INTERVIEW: BOFFO Founder Faris Al-Shathir on 10 Years of Diversity and Art in Fire Island
Fire Island Pines feels like an impossible place: a gay idyll spitting distance from New York City; a small community located on an ice-age formation of sand, pine, and shadblow trees, as thin and evanescent as a line of cocaine, populated by carless pleasure seekers and their modernist palaces. It was here that I met Faris Saad Al-Shathir in 2015, and while I can’t remember where we met — was it architect Charles Renfro’s pool? Or on the deck of the Pavilion at night? Or on the beach in front of the Meat Rack? — I do remember that he seemed to know the place better than almost anyone. Just a few years before, BOFFO, the arts organization that Al-Shathir founded in 2009, had established an artist residency there (and later an annual performance festival) that quickly reshaped the cultural topography of the island. Historically Fire Island’s communities like the Pines and nearby Cherry Grove have been a refuge for queer artists for nearly a century, from the 1930s dune frolics of PaJaMa (Paul Cadmus, Jared French, and Margaret Hoening) to the disco-era decadence of Halston and Robert Mapplethorpe. Since the 1980s, however, the Pines especially became increasingly homogeneous, a glamorous retreat for white “circuit queens” and hypermasculine muscle gays. With his boyishly good looks and gym-toned body, Al-Shathir, a first-generation Iraqi-American and a trained architect, is at once both the ultimate insider and outsider in this terrain. In his multiple roles as founder, main fundraiser, and creative director, Al-Shathir has used BOFFO’s program to bring a diverse range of artists to the Pines who may not have otherwise felt welcome there. On the occasion of BOFFO’s 10-year anniversary he reflected on his years in Fire Island, and the challenges his organization faces in its efforts to reclaim the Pines as an inclusive queer space of creative possibility.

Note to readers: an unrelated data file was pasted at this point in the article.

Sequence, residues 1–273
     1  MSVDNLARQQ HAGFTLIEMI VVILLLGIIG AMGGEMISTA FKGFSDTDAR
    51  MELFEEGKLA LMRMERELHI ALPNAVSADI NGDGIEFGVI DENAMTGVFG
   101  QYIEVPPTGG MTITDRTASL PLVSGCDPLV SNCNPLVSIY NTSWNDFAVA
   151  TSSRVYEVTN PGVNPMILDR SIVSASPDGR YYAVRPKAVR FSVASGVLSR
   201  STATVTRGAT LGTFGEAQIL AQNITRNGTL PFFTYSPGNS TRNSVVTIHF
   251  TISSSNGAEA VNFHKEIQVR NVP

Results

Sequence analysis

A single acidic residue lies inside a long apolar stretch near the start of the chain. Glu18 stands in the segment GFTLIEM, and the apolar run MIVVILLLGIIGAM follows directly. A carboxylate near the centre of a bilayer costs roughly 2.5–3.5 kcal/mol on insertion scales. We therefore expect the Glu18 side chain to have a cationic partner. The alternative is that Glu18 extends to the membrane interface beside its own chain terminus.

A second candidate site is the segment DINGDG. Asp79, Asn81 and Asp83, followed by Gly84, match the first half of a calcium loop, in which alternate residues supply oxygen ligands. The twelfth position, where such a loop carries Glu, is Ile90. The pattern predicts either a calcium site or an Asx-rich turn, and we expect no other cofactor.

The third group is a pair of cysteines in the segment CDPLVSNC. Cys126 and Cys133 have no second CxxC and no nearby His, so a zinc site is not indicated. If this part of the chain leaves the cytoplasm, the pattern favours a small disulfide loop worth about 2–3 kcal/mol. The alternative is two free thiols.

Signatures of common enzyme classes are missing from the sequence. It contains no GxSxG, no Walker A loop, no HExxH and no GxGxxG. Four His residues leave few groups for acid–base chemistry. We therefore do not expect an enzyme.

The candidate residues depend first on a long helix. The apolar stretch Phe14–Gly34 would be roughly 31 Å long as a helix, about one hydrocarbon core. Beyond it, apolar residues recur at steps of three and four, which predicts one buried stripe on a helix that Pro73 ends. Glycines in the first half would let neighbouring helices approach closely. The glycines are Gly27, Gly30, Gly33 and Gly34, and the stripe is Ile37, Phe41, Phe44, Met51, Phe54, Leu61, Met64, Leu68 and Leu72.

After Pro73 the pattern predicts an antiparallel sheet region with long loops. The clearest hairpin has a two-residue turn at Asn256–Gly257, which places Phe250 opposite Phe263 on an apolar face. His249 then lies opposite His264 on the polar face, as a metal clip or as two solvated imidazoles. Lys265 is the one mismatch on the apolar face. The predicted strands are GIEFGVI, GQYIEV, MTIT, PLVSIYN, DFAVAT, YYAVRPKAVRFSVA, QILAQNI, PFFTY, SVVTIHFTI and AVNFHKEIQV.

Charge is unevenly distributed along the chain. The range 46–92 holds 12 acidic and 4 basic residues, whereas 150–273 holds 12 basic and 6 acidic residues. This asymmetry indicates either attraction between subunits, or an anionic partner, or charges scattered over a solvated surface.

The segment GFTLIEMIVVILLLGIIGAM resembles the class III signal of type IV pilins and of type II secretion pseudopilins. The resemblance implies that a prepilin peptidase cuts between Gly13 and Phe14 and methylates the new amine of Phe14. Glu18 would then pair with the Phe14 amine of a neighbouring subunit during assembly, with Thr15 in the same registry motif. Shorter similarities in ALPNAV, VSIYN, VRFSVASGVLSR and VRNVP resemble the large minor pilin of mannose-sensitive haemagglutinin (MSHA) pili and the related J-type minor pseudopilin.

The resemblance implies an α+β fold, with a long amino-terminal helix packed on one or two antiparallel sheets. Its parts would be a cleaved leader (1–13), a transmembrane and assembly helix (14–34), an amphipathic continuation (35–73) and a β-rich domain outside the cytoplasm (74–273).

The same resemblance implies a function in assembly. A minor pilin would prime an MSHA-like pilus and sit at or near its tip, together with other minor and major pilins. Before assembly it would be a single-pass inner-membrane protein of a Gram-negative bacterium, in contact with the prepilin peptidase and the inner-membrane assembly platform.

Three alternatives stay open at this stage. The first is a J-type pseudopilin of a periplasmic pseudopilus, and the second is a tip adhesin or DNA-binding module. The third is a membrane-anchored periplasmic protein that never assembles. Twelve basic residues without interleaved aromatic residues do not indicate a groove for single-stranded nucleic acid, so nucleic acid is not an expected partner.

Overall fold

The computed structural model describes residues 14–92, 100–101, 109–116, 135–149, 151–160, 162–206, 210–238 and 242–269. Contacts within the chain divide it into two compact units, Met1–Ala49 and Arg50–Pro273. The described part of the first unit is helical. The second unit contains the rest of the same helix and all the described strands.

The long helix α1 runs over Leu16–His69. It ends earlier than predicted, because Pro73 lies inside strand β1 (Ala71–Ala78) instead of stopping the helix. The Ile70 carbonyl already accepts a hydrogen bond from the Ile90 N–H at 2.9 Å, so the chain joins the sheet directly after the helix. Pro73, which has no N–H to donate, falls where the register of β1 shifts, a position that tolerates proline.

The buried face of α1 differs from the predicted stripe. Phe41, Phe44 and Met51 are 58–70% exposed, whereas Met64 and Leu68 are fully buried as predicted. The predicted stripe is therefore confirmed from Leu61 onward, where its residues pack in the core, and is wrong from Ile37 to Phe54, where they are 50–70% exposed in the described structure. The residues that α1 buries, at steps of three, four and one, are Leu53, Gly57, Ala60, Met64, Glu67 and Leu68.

Evan Moffit: Can you tell me about the first time you visited Fire Island and how you fell in love with it?
Faris Saad Al-Shathir: It was around 2010. I had been in New York just under two years, and had heard that Fire Island was a gay beach destination, so I made a day trip with a friend, not knowing what to expect, not even really knowing that there were no cars there. I immediately fell in love with its beauty. I popped around to a bunch of house parties, drank a lot, and specifically remember a hot tub make-out experience. Waiting for the train to get back to the city I remember thinking, “I can’t believe that place exists.”
When you started BOFFO that same year, it wasn’t based in Fire Island. How did the program begin?